Matt Eventoff offers his thoughts on why effective public speaking is a vital skill in the media industry, and gives some insider tips to keep us on track…
Do not talk at the audience, speak with them. A speech is a conversation – it is always about the audience, not you
Public speaking can – and should be – an indispensable component in the career growth ‘toolkit’ of any executive or professional; this is especially true for those in the communication and media space. By virtue of what we do every day, we are often ‘on’ and a lot is expected. Clients, colleagues and co-workers expect that we can communicate effectively across all mediums, and that includes speaking publicly.
You may be asked to take the podium at an awards dinner or to address a room full of clients on campaign updates. The size is irrelevant, and the skills required are the same. So what are some ways that a media pro can become an even more talented public speaker? One way is to view public speaking in a different way from the preconception you might have when the word ‘speech’ comes to mind – that you are in it alone. A speech is not a solo act – a speech is actually a conversation.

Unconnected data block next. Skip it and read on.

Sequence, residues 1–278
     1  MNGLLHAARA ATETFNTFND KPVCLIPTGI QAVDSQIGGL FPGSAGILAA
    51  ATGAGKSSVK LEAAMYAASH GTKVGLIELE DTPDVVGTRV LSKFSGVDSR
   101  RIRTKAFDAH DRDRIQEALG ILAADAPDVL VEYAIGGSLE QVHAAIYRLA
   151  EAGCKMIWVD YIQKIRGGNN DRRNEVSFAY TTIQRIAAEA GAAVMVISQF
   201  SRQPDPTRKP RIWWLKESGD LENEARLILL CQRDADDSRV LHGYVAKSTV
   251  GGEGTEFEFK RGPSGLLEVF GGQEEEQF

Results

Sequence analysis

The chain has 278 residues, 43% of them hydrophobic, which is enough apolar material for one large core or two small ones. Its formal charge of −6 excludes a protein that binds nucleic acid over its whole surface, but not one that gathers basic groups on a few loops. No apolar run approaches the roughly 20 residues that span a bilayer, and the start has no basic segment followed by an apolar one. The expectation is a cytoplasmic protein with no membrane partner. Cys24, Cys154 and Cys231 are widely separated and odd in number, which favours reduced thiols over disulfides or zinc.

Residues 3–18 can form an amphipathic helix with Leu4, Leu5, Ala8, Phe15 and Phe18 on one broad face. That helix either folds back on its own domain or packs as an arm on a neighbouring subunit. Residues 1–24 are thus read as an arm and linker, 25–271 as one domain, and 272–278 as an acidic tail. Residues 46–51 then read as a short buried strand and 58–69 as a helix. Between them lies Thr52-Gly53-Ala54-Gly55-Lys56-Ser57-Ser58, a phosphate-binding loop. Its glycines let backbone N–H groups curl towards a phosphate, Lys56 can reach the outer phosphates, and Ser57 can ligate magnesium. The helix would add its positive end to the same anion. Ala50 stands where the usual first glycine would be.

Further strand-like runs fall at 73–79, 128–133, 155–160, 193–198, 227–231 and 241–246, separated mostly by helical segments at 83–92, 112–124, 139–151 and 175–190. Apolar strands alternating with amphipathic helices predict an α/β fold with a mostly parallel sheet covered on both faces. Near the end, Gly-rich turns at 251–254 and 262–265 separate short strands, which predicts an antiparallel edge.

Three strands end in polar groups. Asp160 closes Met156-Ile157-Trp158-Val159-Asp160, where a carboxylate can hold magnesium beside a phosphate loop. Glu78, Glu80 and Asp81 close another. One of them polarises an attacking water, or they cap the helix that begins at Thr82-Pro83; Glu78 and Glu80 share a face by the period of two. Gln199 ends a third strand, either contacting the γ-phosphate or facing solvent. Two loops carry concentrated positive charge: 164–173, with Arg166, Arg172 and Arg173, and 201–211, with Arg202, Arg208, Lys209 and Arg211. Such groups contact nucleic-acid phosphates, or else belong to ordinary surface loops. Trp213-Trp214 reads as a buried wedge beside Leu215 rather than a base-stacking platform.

While only one party may be verbally communicating, all parties are communicating. Looking away, shaking one’s head, raising one’s brow, disinterest or a face anchored in stoicism are all forms of communication, and are all part of a conversation. Smiling, nodding, clapping, cheering and riveted attentiveness are also part of a conversation. Walking out of a conference room and doing nothing is also part of the conversation – usually the end of it!
So what can one do to ensure that a speech or presentation is in fact a productive conversation that results in career growth and positive outcome? Here are just a few ways:
1) Involve your audience – Do not talk at the audience, speak with them. This involves researching your audience in the same way you would research a client before pitching for business.
2) Pay attention to personal pronouns – Shy away from using a lot of I and me and focus more on we and us. A speech is a conversation – it is always about the audience, not you. Be careful and aware of the pronouns that you use and the messages those pronouns might convey.
3) I mean really involve your audience – When presenting on communication or rhetoric, involve an audience early on by asking a question to one or two participants. Not a confrontational question. Not a heavy question. A question that generates a short response, which activates the audience and puts everyone at ease (the presenter included!).
Finally, when you present, you always feel much more nervous than you appear. Always. So relax, and enjoy!
Matt Eventoff is the owner of Princeton Public Speaking. Follow him on Twitter @matt_eventoff